Getting Your Plumbing Ready for Spring
We’re a few days into April now, so we think it’s safe to tentatively call it spring. We hope. Now that we can safely venture back into that ancient, forgotten place called “outside,” you can make some proactive safety checks to make sure your home’s plumbing survived winter unharmed.
A few quick steps like these will help you prepare for the warmer months ahead, prevent any melting snow-related plumbing catastrophes, and put you in that spring mindset. (At least, until we get a blizzard in a couple weeks…)
Check for Leaks
Winter is as hard on plumbing as it is on… well, everything else. Even though you no doubt took all the proper steps to ensure your pipes didn’t freeze, the cold and increased demand for hot water likely put your system under a lot of stress.
For older pipes, or corroded, rusty, or damaged pipes, a long winter might be the straw that breaks the camel’s back. A lot of minor leaks spring up over the winter. If left alone, even the smallest leak won’t be small for long. Check out your home’s pipes. Look for dislocation, puddling, condensation, and the other telltale signs of leaking. Fixing a minor problem today will save you a major headache tomorrow.
Check Outdoor Faucets
You (hopefully) turned off your outside water for the winter, and now it’s time to turn it back on. When you do, you should also check on all of your outdoor faucets. Just run a little water to make sure they’re working correctly and not leaking. Close the valve and wait for a minute or so to look for excess dripping.
You should always check on appliances after they haven’t seen consistent use, whether they’re outdoor faucets after a long winter or you’re getting back from an extended vacation. It only takes a minute and you can head off potential problems early.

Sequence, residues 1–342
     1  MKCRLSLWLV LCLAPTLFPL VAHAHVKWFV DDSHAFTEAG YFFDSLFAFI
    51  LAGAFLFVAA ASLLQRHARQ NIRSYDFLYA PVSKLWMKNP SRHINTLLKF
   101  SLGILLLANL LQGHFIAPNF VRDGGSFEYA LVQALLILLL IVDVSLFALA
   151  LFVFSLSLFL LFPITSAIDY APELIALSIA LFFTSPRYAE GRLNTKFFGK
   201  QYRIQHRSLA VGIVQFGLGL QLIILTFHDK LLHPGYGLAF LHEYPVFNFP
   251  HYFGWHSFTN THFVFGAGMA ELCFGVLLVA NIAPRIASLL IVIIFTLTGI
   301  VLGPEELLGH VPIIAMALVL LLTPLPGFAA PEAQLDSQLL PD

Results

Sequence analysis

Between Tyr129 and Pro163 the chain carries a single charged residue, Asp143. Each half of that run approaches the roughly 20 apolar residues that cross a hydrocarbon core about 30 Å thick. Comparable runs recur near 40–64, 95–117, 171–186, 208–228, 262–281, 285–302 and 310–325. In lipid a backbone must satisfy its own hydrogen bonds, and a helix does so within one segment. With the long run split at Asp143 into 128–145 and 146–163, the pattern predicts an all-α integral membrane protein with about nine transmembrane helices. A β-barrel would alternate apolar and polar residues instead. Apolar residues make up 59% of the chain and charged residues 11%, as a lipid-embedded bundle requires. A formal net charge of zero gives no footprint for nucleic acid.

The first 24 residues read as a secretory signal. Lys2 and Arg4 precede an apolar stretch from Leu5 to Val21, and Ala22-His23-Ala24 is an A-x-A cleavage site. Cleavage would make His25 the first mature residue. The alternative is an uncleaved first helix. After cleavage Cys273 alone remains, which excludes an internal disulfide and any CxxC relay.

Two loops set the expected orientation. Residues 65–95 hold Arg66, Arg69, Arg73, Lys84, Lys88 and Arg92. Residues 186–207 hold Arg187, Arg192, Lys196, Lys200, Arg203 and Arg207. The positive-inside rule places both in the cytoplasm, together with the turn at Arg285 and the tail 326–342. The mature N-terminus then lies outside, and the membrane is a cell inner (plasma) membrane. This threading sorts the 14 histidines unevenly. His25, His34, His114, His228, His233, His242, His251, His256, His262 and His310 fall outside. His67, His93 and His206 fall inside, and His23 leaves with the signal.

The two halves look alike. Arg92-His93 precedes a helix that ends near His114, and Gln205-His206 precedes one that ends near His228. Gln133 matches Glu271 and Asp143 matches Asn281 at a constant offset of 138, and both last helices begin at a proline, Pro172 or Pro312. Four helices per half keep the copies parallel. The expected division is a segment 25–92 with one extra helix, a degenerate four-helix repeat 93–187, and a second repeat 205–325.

Check Downspouts and Gutters
Everyone knows that “April showers bring May flowers,” but April showers can also bring structural catastrophe… if you don’t double-check your gutters, downspouts, and yard drains. The gutters on your roof catch rain water as it cascades off of your sloped roof. Then, it funnels that runoff water to the downspout. The runoff drains out of the downspout onto the ground, where it can’t hurt your roof or home. Yard drains and gutters do the same thing: they collect the rainwater that might build up and flood your foundation and transfer it safely into the sewer instead.
Oftentimes, debris can get caught in gutters or downspouts. If leaves, branches, trash, or anything else impede water flow, you could be at risk of flooding, roof damage, sinkholes, or worse. It’s a really, really good idea to make sure all your home’s gutters, yard drains, and downspouts are functioning effectively.
Check Sump Pump
If your home has a basement or crawl space, chances are you have a sump pump. A sump pump is a small, (usually) automatic pump installed in a “sump pit” in your basement. It keeps your basement from flooding. Water from the soil around the foundation of your home flows down to the sump pit via gravity. Once enough water has entered the pit to trip a sensor, the pump pushes water out of the pit and through a discharge pipe or tube. The discharge pipe empties the water far enough away that it can’t hurt your foundation.
You can make sure the sump pump is active by dumping about a gallon of water into the pit. The sump pump should activate and send the water out of the discharge pipe. Make sure the discharge pipe is clear, clean, and positioned where it should be. You can usually find the discharge pipe in your backyard. If you find out your sump pump isn’t working, give us a call–preferably before the next rainy day.
After making it through another winter, you deserve to enjoy your spring to the fullest. You shouldn’t have to spend some of the nicest days of the year fixing a plumbing problem or trying to clean up damaged property.
Convince yourself to do these simple chores while going outside still feels novel, and you can save yourself a big hassle when the weather is even nicer. And of course, if you want a professional to put your mind at ease, you can call Ben Franklin anytime. Happy spring!
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